Honda had a good sales run with the Acura Legend, the first of the luxury-marque spinoffs from well-known Japanese carmakers to appear on our shores, but times change and the RL replaced the Legend as Acura's flagship starting in the 1996 model year. Here's one of those first-year RLs, found in a Denver boneyard covered in decorations from the Rocky Mountain Rambler 500 road rally.
The Rocky Mountain Rambler 500 involves a lot of punitive off-road driving, so cars that have no business on the dirt seem to get coolness points. That makes Honda's most expensive vehicle of 24 years ago a fine choice of ride. I can't determine how well this car did, but the drivers looked optimistic during the inspections last month.
Since the ignition key is still in the switch, I'm assuming it wasn't running so well after the rally and the team decided to bid farewell to their Acura in the lowest-hassle way possible: sell it to the nearest U-Pull-&-Pay.
The team appears to have gone for a Pirates of the Caribbean theme with their big land yacht.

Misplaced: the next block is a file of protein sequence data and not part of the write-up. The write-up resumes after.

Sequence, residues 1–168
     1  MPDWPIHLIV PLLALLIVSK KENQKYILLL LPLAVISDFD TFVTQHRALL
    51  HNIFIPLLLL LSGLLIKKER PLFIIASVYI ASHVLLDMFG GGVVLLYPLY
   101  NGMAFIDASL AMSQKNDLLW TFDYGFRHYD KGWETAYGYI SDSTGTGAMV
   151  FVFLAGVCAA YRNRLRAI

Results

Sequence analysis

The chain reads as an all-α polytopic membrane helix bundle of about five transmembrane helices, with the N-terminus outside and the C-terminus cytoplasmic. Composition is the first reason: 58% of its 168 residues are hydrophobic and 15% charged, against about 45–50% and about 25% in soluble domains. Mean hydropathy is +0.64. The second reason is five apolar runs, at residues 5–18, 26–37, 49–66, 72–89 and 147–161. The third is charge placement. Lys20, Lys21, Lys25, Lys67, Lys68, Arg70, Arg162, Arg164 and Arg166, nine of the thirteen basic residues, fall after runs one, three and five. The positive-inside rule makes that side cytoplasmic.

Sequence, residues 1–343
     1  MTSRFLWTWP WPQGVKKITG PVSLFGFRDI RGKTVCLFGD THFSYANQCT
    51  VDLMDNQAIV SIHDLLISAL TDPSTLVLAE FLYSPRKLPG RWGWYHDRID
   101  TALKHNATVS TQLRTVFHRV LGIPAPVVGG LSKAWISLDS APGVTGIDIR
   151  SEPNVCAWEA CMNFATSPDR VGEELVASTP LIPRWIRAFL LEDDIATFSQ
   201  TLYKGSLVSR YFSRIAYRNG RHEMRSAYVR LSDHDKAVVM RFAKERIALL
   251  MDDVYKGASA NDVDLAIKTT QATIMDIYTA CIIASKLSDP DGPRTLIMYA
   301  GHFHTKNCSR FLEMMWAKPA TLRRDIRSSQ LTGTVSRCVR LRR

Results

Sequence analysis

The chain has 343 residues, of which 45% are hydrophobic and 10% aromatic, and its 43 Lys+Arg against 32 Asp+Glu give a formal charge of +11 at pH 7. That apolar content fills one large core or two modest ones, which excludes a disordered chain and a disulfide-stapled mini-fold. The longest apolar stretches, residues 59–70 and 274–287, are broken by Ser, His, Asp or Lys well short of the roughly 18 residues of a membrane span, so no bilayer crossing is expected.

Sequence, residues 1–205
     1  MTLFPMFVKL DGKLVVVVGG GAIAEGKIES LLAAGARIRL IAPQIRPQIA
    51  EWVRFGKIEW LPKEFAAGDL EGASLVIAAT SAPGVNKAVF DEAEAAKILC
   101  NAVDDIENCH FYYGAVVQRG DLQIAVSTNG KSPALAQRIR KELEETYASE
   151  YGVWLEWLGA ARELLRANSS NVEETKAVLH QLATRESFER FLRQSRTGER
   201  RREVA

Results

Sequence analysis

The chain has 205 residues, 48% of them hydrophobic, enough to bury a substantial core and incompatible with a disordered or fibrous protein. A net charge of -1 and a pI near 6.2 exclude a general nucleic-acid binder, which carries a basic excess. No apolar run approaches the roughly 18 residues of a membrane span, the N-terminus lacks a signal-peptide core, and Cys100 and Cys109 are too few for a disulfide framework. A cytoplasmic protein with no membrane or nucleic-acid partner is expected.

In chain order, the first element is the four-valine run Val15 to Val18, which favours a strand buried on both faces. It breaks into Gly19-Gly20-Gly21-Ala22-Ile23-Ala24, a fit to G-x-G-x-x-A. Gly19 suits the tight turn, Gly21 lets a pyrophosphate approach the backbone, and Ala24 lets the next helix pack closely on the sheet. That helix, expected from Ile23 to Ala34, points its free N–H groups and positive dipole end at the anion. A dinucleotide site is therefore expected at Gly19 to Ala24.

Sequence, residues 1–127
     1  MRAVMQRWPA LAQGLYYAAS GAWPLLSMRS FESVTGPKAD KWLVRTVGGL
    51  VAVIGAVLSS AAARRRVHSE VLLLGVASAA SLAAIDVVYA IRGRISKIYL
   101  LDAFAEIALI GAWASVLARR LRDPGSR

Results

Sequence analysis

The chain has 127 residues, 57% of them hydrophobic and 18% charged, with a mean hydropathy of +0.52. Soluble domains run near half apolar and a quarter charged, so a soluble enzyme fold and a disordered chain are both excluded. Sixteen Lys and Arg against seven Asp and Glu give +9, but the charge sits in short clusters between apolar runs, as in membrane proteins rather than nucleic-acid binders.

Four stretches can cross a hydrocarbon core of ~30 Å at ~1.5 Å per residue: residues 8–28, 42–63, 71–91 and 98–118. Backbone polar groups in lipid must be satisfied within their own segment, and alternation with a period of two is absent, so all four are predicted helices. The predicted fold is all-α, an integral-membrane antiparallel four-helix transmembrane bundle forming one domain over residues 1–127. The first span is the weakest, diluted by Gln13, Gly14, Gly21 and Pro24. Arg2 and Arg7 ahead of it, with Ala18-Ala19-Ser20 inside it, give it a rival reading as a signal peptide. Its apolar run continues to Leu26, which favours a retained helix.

The evil-looking wheel covers looked sharp.
However, the Lord Humungus-grade roof spikes really make this car stand out, both on the rally and, now, in the junkyard.
It seemed very clean, with the original owner's manual still in the glovebox.
The MSRP on this car came to $41,000 in 1996, which amounts to about $69,000 in 2020 dollars. A new Lexus LS 400 cost $52,900 that year, though the $45,700 Lexus GS 300 was more likely to have battled for the money of potential 3.5 RL buyers. The 1996 Infiniti Q45 went for $53,520, while the J30 cost $39,920. The 1996 BMW 530i had a $42,750 price tag, but your Mitsubishi dealer had $25,525 Diamantes that year.
Built on the idea that luxury doesn't have to be boring. Take that, Lexus!